The University Record, March 8, 1999

A few hard facts about bats. Not so bad after all.

By Cara Spindler
News and Information Services

They’ve been accused of sucking blood, eating people and being blind. They range from weighing less than a penny to a two-pounder with a wingspan of six-and-a-half feet. They make up one-quarter of all mammal species. Bats, known scientifically by their family name chiroptera, pollinate tropical fruit trees, can each eat 600 mosquitoes an hour and, as a colony, can protect a farmer from more than 15 million rootworms in a summer.

Like frogs, bats are a good overall indicator of environmental health; a fact that becomes even more important with the realization that 50 percent of American bats are in severe decline or listed as endangered.

Because bats generally have only one offspring per year, they are a particularly vulnerable species. When migrating to an area where harmful herbicides and pesticides are still being used, the bat population becomes even more at risk. Phil Myers, associate professor of biology, says bats don’t suck blood. Rather, they first lick the chosen area with their tongues to desensitize it, then scrape and lap until they’re full. Vampire bats usually gorge themselves until they can’t fly, Myers says, and have to wait until their kidneys filter the material to become airborne.

Bat eyesight ranges from very good to very poor. Most rely on echolocation—the ability of animals that emit high-frequency sounds to orient themselves by means of the reflected sound waves—rather than sight to find food. This high-frequency ultrasound is higher than the range of human hearing and generally comes from the bat’s mouth. A few have evolved to emit the sounds from their noses, freeing their mouths for eating at the same time.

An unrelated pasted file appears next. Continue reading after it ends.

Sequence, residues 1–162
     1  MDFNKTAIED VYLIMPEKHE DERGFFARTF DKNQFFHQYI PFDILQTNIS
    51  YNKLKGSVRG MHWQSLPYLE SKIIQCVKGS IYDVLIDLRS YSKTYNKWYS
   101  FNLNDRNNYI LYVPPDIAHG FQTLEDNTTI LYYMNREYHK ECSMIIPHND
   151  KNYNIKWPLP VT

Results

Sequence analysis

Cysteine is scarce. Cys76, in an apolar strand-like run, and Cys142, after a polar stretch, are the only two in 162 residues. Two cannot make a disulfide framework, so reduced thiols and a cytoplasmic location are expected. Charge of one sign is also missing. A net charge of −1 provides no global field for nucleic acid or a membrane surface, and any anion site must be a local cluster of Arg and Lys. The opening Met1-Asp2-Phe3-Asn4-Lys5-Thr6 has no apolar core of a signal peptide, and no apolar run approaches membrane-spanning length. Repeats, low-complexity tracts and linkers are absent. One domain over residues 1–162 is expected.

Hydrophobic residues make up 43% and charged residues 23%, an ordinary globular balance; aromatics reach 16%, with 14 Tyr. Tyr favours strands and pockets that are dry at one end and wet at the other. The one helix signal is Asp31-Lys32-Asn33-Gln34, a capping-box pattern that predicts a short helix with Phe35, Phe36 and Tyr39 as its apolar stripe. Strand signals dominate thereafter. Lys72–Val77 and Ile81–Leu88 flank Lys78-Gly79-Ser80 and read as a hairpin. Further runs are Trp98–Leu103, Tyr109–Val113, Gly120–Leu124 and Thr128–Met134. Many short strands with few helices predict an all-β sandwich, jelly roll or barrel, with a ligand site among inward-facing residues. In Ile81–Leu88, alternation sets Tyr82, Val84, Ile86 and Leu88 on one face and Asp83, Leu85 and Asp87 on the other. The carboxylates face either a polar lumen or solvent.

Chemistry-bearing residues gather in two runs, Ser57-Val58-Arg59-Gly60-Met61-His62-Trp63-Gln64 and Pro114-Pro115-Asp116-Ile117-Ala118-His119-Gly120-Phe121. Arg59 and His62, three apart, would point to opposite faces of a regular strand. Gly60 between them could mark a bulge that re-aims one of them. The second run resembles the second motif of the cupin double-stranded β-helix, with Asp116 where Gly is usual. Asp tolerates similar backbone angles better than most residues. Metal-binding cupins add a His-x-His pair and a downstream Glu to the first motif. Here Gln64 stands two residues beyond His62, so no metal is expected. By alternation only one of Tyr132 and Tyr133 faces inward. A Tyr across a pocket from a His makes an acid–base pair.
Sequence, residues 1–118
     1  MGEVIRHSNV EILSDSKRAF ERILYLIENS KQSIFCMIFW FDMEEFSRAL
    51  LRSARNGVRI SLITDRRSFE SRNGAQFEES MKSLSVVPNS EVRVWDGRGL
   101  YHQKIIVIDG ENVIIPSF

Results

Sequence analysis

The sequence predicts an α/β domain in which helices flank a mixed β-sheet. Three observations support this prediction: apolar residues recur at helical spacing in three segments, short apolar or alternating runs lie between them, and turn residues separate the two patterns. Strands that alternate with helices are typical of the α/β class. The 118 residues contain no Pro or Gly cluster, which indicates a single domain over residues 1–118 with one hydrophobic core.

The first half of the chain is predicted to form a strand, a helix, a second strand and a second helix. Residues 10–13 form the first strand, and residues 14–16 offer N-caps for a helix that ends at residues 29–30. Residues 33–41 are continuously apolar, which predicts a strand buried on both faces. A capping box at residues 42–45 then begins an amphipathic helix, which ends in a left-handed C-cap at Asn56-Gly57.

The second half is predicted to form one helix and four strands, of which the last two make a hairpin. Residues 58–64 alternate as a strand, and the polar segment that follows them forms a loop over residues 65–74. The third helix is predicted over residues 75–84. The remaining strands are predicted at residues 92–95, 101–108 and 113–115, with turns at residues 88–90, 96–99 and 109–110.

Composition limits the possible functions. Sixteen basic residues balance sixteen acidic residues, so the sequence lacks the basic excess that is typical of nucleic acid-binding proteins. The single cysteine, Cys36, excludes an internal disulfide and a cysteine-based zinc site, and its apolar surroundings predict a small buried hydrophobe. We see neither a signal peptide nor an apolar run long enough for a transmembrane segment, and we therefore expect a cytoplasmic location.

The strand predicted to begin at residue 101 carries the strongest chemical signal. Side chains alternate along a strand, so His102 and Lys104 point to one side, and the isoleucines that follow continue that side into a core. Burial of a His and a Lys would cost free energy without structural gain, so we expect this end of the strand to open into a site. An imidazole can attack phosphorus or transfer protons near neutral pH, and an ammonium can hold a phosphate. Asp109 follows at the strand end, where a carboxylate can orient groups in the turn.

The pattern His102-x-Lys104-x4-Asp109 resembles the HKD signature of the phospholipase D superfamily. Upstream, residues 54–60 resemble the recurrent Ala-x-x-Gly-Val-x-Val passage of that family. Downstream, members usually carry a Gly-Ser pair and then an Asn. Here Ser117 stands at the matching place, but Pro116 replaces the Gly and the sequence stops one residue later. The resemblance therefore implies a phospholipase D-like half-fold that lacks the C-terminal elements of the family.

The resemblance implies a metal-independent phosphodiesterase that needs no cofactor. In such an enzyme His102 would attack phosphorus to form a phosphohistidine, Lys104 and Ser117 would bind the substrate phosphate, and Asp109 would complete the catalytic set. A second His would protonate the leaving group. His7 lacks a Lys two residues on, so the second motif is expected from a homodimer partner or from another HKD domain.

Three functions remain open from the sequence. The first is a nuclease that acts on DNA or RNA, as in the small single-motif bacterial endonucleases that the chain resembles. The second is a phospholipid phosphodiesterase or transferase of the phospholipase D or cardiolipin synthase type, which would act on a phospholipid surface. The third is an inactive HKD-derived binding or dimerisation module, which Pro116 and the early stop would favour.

Biologists, using an instrument called a “bat detector,” can monitor bat calls, which average 30 pulses per second when flying. When approaching a target, the pulses can increase to 300 per second.

Myers says a bat can tell an object’s size and distance, how long it will take to reach the target and how fast the object is moving. Some bats, he says, even recognize textures, distinguishing stationary moths from tree trunks.

Bats have modified forelimbs that act as “wings,” with tiny nails at the end for roosting and feeding. Depending on what and how they eat, bats have long strong teeth to get through rinds and dig deep into fruit, or a flap of skin between the hind legs that works like a baseball glove to catch insects. Bats that eat nectar have hardly any teeth, but do have a fluted tongue like a hummingbird’s. Carnivorous bats have thin, sharp incisors to break through skin and tough teeth to tear at the meat.

In Michigan, bats generally feed at dusk during the summer months. Some hibernate during the colder months in protected places, like caves and barns. The red bat, able to withstand cold, hibernates in trees. Other Michigan bats migrate several hundred miles to southern Indiana, while still others head for Mexico.

For more information about bats, search the Museum of Zoology’s Animal Diversity Web page at